National Weather Service United States Department of Commerce

On This Day In

                   Weather History

November 13th

Local and Regional Events:

November 13, 1985:

Snowfall of 4 to 8 inches spread from the southwest part of South Dakota on the morning of the 13th to the northeast part of the state by early morning on the 14th. Winds gusted to 35 mph in the western half of the state and produced considerable blowing and drifting snow, which greatly reduced visibilities. The snowfall caused many accidents, including a four-vehicle pileup that occurred three miles east of De Smet in Kingsbury County, during the afternoon of the 13th. Some snowfall amounts include; 7.0 inches in Britton; 5.5 inches in Timber Lake and 5.0 inches in Leola.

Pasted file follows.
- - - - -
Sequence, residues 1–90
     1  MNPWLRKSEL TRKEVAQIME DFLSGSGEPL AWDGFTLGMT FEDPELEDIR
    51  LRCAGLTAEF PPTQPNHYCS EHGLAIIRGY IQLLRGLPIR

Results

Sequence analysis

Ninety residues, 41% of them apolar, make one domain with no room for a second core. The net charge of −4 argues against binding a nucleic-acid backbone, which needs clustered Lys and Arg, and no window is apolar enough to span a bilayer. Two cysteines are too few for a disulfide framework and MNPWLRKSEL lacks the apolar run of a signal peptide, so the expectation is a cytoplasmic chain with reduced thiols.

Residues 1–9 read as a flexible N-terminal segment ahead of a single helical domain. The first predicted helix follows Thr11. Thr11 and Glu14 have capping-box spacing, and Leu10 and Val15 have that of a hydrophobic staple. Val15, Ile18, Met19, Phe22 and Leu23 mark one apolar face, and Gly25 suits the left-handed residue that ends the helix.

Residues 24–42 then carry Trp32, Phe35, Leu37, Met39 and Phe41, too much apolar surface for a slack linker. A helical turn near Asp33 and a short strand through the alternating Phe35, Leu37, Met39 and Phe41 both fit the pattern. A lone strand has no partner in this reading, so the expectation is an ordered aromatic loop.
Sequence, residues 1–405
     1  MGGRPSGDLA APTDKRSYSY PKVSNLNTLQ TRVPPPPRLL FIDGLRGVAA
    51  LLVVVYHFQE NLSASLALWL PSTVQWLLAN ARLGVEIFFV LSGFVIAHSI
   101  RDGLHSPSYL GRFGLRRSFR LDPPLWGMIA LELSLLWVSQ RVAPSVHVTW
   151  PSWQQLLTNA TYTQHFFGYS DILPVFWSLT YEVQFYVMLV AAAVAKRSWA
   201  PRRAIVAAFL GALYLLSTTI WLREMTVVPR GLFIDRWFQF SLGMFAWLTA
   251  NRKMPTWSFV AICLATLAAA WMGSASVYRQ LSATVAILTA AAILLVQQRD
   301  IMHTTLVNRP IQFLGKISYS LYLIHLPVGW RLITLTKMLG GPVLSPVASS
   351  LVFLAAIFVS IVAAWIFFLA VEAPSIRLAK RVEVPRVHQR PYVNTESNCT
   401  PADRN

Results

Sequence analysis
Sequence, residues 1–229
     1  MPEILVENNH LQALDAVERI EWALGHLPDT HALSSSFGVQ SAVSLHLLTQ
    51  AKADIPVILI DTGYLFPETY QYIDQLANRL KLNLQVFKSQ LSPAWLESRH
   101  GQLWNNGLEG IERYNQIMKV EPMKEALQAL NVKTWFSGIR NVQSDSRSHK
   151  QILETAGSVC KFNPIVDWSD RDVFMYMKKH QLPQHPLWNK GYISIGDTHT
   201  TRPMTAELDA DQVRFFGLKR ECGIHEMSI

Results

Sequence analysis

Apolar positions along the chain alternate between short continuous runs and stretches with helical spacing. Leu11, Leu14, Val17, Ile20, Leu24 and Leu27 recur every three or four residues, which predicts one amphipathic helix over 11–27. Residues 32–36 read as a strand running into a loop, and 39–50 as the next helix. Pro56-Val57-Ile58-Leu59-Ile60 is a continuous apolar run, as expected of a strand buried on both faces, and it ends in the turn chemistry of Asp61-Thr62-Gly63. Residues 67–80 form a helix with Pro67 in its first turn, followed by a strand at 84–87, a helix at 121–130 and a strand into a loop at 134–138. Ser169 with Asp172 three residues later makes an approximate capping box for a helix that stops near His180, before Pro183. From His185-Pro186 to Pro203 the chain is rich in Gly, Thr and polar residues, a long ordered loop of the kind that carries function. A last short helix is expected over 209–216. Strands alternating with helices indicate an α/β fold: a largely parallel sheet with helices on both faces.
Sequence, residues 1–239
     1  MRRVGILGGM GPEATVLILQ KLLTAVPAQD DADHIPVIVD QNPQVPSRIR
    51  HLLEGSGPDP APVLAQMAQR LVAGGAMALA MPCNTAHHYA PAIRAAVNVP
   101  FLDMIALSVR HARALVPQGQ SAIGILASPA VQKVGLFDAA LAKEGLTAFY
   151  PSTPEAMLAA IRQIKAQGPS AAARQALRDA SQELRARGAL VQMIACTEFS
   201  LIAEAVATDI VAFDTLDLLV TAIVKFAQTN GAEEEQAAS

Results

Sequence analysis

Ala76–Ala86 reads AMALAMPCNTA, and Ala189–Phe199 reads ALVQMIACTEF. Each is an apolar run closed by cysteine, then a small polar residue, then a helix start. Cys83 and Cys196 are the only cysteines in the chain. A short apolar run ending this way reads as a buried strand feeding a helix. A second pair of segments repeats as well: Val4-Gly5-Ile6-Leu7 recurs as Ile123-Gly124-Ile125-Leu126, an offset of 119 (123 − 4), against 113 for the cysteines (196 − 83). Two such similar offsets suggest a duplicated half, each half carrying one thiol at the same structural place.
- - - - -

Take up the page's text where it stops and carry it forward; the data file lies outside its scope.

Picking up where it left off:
U.S.A and Global Events for November 13th:

1833: In 1833, observers were familiar with the Leonid meteor shower, but the event on that year was very intense and leads to the first formulation of a theory on the origin of meteors. By some estimates, the 1833 Leonid meteor shower had 240,000 meteors in a nine hour period. More information on this event, as well as others, can be found HERE.

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A 19th-century woodcut with an impression of the spectacular November 13, 1833, Leonid storm. Courtesy Seventh-Day Adventist Church. Early settlers look up in amazement at a sky filled with shooting stars.

 

1946: General Electric scientists produced snow in the Massachusetts Berkshires in the first modern day cloud seeding experiment. Scientist Vincent Schaefer dropped six pounds of dry ice pellets into a cloud over Pittsfield, MA. The cloud seeding experiment produced snowfall, as a 4-mile long cloud was converted into snow flurries. The success of the experiment became the basis of many weather modification projects.

Click HERE for more This Day in Weather History from the Southeast Regional Climate Center.